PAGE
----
Now, I am as much a procrastinator as the next guy, but let us not forget that there is planning involved in preparing for a SCAMPI appraisal. A gap analysis needs to happen to ensure no slippage, consultants need to be contracted, projects need to be selected and SCAMPIs scheduled. All in all, it takes most organizations almost a full year of planning to prepare for the “renewal” appraisal… not to mention to get the line items in the budget.

We encourage all of our clients (and everyone else!) to avoid a gap in their ratings, so it’s important to plan ahead so that the appraisals overlap. Is it required that no gaps occur? No. But, we recommend it and we’re here to help!

In fact, DCG is proud to say that we have recently helped CCH Canadian Limited achieve their Maturity Level 2 for the 3rd time running. Way to go guys!!

If you need help preparing for your re-appraisal – or if you have any CMMI questions – please leave a comment below!


Patricia Eglin
Process Improvement/Measurement Specialist, Certified Introduction to CMMI Instructor and Six Sigma Green Belt

Written by Michael D. Harris at 09:00
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Business case for better software practices

I came across an excellent summary by Steve McConnell of the benefits of software process improvement, Business Case for Better Software Practices

A key differentiator, and justification for looking at the article, is Steve's inclusion of examples and numbers.  Interestingly, Steve also uses this article to introduce the concept of "rightshifting." Bob Marshall is a good source if you are interested in following the Rightshifting thread or you can view a video introduction to Rightshifting by Bob and Grant Rule.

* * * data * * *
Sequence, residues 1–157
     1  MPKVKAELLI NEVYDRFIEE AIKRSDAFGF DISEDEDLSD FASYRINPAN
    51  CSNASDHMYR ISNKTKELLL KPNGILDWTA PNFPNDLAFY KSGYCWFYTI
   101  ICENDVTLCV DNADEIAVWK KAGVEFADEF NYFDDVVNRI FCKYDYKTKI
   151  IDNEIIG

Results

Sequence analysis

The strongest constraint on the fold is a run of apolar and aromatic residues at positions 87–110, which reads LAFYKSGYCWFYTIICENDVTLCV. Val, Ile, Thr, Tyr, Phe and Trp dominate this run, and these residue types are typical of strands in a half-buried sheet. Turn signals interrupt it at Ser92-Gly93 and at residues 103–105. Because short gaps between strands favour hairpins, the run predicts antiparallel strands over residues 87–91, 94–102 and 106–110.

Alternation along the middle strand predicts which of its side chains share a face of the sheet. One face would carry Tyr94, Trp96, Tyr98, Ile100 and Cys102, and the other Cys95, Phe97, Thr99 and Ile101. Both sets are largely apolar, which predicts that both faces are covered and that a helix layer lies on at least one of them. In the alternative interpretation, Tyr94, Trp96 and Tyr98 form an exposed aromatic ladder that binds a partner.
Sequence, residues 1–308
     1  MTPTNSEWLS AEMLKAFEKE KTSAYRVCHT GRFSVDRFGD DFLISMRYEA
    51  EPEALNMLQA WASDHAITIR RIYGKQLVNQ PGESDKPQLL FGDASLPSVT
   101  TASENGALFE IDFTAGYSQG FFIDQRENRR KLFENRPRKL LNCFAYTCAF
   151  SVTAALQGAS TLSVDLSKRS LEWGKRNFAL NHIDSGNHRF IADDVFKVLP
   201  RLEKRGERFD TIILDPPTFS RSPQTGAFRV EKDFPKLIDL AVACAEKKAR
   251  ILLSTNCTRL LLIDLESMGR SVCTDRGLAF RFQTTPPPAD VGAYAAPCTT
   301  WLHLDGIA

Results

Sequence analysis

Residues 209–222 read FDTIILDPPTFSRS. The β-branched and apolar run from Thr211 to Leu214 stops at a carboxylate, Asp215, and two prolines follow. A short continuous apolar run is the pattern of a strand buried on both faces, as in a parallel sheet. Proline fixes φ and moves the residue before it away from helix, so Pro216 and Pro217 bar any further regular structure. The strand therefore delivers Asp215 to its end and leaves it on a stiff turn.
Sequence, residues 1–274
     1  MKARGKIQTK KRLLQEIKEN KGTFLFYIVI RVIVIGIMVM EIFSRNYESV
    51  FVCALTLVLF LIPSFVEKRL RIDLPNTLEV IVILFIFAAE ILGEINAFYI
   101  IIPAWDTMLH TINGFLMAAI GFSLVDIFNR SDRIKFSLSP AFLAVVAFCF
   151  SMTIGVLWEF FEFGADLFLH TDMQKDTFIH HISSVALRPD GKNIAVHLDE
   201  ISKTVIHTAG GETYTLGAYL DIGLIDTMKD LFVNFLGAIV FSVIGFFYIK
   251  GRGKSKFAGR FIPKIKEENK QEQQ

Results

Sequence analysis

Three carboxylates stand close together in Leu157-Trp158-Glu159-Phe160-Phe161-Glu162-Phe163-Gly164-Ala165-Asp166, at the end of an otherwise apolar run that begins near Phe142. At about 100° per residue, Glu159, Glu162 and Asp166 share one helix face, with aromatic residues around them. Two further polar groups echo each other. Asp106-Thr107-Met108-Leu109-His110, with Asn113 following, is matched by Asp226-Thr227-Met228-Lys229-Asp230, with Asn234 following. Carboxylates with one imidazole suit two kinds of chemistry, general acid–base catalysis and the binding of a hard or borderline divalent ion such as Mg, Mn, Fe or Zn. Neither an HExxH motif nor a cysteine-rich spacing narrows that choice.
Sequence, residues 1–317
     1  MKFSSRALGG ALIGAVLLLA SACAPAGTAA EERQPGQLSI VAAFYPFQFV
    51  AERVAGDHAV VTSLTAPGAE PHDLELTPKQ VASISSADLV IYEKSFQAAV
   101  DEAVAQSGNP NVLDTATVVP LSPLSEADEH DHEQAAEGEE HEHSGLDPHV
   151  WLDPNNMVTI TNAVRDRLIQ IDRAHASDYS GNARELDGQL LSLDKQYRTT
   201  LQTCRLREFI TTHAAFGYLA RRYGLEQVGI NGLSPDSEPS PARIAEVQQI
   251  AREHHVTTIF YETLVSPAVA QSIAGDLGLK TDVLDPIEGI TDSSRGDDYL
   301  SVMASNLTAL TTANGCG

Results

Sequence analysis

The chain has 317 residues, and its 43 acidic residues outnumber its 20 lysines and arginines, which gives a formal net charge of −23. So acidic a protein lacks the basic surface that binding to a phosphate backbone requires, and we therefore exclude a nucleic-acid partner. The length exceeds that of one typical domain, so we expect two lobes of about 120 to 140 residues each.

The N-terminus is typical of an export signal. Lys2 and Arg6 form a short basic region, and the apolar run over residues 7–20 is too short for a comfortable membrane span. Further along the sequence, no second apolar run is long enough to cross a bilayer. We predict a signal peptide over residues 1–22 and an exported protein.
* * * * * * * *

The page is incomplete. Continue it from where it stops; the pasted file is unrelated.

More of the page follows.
Finally, you can look at our own approach to Rightshifting effectiveness. Please share if you know of any other good Rightshifting resources!  

Mike Harris
DCG President

Written by Michael D. Harris at 12:44
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SEPG 2013: Have you heard? The conference has been postponed.

imageWith the transition of CMMI from the SEI to the new division under Carnegie Mellon (unofficially named, but currently being referred to as Level 5), the decision has been made to postpone the SEPG conference scheduled for March of 2013.

This decision in no way is an indication of trouble ahead. In fact, it is my opinion that this is a good move. The transition of CMMI is slated to occur December 2012 and the conference was scheduled for March – that’s not a lot of time to organize a large conference.

The SEPG is a big event and will be the first one for the new organization, so it’s important to get it right. The success (or failure) of the first “major” event of a new organization is going to set the tone for its attendees on how capable the new organization is of governing the model. That is why I think it is a great move to postpone the conference until everything is in place and everyone is prepared to execute the best event possible.

As much as I was looking forward to going to Orlando in March when it will be cold at home, I think getting it right is more important.

Stay tuned and we will keep you posted as more information becomes available.


Patricia Eglin
Process Improvement/Measurement Specialist, Certified Introduction to CMMI Instructor and Six Sigma Green Belt

Written by Michael D. Harris at 08:00
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"It's frustrating that there are so many failed software projects when I know from personal experience that it's possible to do so much better - and we can help." 
- Mike Harris, DCG Owner